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Marital status and infant health outcomes

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  • Bennett, Trude
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    Abstract

    Out-of-wedlock status has long been recognized as a demographic risk factor associated with infant mortality and low birthweight. However, the relationship between marital status and birth outcomes varies by maternal race and age. The negative impact of unmarried status is greatest for white women aged 20 and over. High infant mortality rates for married teen mothers challenge the assumption that marriage necessarily provides a protective environment for childbearing. Maternal and child health research and policy have been hindered by a deviance model of out-of-wedlock fertility, which is both biased and outdated. Inconsistencies in the effect of marital status indicate variations in both economic and social resources. Purely behavioral explanations for escalated risks to unmarried mothers are not justified by research findings. Alternative interpretations suggest the need for greater societal involvement in maternal health care created in part by changes in family structure.

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    File URL: http://www.sciencedirect.com/science/article/B6VBF-46698G3-15C/2/ad68e7fc4a7316266cb419574403abc4
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    Bibliographic Info

    Article provided by Elsevier in its journal Social Science & Medicine.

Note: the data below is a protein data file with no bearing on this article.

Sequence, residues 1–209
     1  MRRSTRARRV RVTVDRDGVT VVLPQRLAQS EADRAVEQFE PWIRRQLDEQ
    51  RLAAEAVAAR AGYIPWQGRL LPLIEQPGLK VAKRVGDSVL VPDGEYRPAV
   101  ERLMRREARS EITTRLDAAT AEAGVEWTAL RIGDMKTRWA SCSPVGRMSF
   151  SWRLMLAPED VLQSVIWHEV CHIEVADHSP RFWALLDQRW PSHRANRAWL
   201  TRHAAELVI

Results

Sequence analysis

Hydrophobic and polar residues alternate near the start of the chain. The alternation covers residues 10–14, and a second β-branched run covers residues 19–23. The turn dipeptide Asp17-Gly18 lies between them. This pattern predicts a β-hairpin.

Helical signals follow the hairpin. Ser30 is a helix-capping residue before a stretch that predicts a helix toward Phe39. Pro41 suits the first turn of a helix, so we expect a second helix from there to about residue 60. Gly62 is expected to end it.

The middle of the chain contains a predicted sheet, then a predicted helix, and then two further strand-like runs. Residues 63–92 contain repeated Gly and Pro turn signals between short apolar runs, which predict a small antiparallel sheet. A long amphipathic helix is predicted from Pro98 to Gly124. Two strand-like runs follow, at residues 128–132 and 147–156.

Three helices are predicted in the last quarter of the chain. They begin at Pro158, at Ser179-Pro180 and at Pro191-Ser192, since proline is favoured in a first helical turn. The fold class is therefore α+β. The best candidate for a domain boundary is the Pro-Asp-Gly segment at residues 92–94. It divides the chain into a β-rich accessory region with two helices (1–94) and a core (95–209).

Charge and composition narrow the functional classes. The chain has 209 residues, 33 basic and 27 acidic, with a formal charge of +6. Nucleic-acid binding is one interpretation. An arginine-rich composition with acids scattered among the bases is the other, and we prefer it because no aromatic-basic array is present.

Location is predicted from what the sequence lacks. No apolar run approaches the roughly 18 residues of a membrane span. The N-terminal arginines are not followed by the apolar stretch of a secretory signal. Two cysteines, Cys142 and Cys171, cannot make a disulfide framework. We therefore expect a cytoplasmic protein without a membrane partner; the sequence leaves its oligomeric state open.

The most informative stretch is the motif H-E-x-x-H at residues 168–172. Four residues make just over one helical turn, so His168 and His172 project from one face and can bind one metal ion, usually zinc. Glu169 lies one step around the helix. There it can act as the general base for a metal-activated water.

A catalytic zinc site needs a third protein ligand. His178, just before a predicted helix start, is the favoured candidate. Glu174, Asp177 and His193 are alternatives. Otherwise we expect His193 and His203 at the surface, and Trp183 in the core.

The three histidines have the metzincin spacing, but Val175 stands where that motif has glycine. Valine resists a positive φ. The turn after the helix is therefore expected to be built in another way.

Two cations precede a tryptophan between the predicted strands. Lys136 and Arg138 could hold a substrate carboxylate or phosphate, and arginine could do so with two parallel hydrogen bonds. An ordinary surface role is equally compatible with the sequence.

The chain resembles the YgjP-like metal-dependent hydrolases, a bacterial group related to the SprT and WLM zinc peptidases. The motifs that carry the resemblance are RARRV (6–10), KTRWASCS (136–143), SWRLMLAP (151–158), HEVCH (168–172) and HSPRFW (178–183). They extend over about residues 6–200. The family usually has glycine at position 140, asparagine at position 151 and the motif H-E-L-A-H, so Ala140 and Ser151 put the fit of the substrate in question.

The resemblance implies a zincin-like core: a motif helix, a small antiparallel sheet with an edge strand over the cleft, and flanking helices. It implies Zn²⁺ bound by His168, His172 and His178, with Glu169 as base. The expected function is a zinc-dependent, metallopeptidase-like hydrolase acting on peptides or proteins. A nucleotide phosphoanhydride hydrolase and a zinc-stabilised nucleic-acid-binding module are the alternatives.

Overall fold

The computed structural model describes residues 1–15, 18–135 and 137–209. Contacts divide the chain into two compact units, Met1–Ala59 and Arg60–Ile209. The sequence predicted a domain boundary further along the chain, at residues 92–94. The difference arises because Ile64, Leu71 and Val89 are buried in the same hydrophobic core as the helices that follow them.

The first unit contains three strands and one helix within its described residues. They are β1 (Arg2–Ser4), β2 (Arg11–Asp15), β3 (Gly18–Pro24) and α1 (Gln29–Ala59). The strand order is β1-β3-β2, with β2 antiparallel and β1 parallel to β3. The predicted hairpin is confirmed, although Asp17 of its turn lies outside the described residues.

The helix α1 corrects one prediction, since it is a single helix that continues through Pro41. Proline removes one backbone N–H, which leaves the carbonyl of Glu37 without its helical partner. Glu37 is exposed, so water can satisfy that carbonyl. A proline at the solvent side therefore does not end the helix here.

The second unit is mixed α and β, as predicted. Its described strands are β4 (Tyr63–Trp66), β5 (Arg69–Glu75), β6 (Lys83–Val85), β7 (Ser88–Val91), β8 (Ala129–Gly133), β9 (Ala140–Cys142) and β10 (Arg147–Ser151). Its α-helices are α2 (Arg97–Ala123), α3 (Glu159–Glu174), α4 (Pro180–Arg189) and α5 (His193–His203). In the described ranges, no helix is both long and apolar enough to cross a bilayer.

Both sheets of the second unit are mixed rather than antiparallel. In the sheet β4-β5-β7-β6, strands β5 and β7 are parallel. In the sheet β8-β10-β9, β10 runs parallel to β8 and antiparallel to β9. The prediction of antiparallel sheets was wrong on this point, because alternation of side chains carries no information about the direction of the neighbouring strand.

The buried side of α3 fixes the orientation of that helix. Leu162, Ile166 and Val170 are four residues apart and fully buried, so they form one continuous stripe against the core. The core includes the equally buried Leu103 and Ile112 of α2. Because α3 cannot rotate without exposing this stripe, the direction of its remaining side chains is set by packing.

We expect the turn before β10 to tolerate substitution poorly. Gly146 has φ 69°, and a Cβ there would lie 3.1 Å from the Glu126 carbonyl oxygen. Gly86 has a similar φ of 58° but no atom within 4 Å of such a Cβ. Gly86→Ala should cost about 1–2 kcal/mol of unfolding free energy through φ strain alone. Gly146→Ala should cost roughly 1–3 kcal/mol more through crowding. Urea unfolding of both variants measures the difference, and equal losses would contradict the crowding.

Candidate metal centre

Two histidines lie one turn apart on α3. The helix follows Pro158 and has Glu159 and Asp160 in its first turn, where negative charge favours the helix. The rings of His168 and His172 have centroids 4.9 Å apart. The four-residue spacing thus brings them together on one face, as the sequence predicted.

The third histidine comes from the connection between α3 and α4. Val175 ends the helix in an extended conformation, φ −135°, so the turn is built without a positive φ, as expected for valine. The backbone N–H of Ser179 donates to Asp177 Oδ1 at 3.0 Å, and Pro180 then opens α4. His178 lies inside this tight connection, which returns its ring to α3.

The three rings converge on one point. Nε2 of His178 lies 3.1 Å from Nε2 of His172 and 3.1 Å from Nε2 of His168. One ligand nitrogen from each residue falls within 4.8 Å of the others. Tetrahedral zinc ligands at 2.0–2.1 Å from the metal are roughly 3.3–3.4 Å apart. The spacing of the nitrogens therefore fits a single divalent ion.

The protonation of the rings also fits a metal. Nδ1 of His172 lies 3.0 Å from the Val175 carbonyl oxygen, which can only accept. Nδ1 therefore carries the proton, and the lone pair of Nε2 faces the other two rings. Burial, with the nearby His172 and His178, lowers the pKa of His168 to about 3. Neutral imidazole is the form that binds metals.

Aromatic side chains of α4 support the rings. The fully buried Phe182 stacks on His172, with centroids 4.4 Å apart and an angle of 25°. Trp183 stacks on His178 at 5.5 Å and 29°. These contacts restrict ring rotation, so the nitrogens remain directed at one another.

Volume (Year): 35 (1992)
    Issue (Month): 9 (November)
    Pages: 1179-1187

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    Handle: RePEc:eee:socmed:v:35:y:1992:i:9:p:1179-1187

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    Related research

    Keywords: out-of-wedlock birth marital status infant mortality low birthweight maternal and child health;

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    Cited by:
    1. Kasey Buckles & Joseph Price, 2013. "Selection and the Marriage Premium for Infant Health," Demography, Springer, vol. 50(4), pages 1315-1339, August.
    2. Wanchuan Lin, 2009. "Why has the health inequality among infants in the US declined? Accounting for the shrinking gap," Health Economics, John Wiley & Sons, Ltd., vol. 18(7), pages 823-841.
    3. Teresa Castro, 2010. "Single motherhood and low birthweight in Spain," Demographic Research, Max Planck Institute for Demographic Research, Rostock, Germany, vol. 22(27), pages 863-890, May.

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